If you can master that sub-theory, any big insurance company, quality-control agency, or polling firm will give you a really good job. Suffice it to say here that the NCVS does not just multiply their sample numbers by 3,000. They use an elaborate weighting methodology, described here.

The late Larry Auster misunderstood this point in the 2007 articleThe Truth on Interracial Rape in the United Statesthat caused David Horowitz to drop him from FrontPageMag. Larry subsequently, grudgingly, acknowledged his error.

Also please note that if you are not experienced at navigating your way through government databases, and do not have a kindly, patient mentor like me to help you, this stuff is by no means easy to locate. The expression “good enough for government work” explains some of the difficulty; but not, in my dark suspicions, all of it.

OK, so we are looking at the “Criminal Victimization in the United States—Statistical Tables” page. What do we see? Many lists of tables, chiefly dated from 1996 to 2008.

For inter-racial crime you want the list headed “Victims and Offenders.” Each file in the list is a collection of tables. Each one includes that famous Table 42: “Percent distribution of single-offender victimizations, based on race of victims, by type of crime and perceived race of offender.”

This is the only published source on inter-racial crime nationwide, broken out by victim and offender races. The FBI’s Uniform Crime Reports, although very fascinating and useful in their own way, do not have such data. And of course the UCR database is built from “offenses known to law enforcement,” not victim reports.

Table 42 tells us, for example, that in the year 2000 there were 134,180 cases of aggravated assault featuring a white victim, of which 17.2 percent reported the offender’s race as black. (“White” in these tables includes self-identifying Hispanics.)

Fascinating stuff, but . . . where are the numbers for 2009, 2010, 2011, and—surely by now—2012?

Well, the data is somewhere in the BoJS files, but they haven’t been publishing it. They have published some crime data with racial breakdowns—here, for example—but nothing equivalent to Table 42.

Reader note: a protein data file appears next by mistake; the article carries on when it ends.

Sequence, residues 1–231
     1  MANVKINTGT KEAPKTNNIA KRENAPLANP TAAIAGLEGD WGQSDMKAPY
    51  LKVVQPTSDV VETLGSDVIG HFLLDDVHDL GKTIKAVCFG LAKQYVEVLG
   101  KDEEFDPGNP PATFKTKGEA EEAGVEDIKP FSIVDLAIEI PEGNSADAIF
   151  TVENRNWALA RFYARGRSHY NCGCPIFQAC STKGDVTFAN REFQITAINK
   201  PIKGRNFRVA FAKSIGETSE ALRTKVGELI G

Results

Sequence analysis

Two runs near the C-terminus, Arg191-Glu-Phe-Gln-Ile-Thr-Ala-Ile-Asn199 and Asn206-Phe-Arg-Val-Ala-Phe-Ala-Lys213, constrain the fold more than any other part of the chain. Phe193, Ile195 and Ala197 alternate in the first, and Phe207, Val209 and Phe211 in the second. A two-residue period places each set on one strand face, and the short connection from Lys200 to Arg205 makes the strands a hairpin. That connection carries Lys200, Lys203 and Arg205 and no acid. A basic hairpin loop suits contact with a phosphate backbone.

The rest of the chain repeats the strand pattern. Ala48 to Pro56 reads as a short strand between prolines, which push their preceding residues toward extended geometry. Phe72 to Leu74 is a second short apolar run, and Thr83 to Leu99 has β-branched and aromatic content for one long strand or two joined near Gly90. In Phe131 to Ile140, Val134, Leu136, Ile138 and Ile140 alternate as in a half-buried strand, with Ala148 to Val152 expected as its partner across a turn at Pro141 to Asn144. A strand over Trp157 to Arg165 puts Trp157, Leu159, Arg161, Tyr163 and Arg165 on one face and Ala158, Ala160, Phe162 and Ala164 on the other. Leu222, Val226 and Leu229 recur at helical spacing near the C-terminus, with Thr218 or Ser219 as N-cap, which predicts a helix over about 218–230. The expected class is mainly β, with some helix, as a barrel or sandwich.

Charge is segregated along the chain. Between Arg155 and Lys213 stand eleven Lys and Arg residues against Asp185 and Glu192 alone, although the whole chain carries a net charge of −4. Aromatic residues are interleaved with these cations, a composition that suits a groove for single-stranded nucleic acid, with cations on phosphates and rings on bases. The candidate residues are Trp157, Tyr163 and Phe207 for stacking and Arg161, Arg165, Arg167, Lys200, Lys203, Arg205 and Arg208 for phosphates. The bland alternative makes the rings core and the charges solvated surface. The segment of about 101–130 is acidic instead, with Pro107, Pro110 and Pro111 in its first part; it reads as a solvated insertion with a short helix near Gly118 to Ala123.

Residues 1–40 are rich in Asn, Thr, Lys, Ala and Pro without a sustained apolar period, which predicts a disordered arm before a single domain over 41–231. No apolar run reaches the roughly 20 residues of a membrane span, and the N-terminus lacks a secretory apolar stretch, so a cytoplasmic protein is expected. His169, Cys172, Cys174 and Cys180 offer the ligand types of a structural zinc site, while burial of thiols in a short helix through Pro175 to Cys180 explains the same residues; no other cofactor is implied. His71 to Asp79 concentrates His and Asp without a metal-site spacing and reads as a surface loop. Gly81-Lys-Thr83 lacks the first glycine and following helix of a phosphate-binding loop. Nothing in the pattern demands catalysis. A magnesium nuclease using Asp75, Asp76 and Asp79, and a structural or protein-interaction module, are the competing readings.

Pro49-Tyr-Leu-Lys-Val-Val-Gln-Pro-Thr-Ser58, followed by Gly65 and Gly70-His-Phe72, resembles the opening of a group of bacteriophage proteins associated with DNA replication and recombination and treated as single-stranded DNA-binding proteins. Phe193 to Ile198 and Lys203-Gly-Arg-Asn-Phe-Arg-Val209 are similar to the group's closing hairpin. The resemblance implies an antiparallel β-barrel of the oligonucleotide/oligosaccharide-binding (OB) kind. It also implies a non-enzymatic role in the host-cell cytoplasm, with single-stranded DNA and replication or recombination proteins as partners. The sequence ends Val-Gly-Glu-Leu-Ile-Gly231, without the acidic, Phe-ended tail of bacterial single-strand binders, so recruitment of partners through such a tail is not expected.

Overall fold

There might be innocent explanations for this; but bearing in mind that the Bureau of Justice Statistics reports to the Department of Justice, headed since 2009 by Eric “My People” Holder, if you are thinking the worst, you are probably right.

Can’t we make them give us the numbers?

A reader suggests filing a Freedom of Information Act Request. I shall do so. I urge others to do so, too, as the agency’s response may vary in time and quality depending on the form of words in the request. (Requests are free-form.) The BoJS comes under the Office of Justice Programs for request-filing purposes.

Inter-racial rape statistics.

All right, what is the truth about interracial rape? Numbers like those Larry Auster fielded in his 2007 article show up a lot on race-realist websites. What should we make of them?

It’s hard to know. For one thing, as Larry pointed out, NCVS doesn’t have numbers for rape. What we have in Table 42 is numbers for “rape/sexual assault,” which we are told includes “verbal threats of rape and threats of sexual assault.” Down in the definitions at the end of the tables file we get this for “sexual assault”:

A wide range of victimizations, separate from rape or attempted rape. These crimes include attacks or attempted attacks generally involving unwanted sexual contact between victim and offender. Sexual assaults may or may not involve force and include such things as grabbing or fondling. Sexual assault also includes verbal threats.

So the NCVS is casting its net pretty wide there, and leaving its data open to year-on-year changes in fashion—driven by evolving mores, celebrity antics, and prominent news stories—as to what, exactly, constitutes “fondling” or “threats.”

For another thing, the fact that NCVS is working from samples makes some of these numbers iffy.

The much-noted 2008 figure of 0.0 percent for white-on-black in this category, for example, comes with an asterisk indicating “Estimate is based on 10 or fewer sample cases.”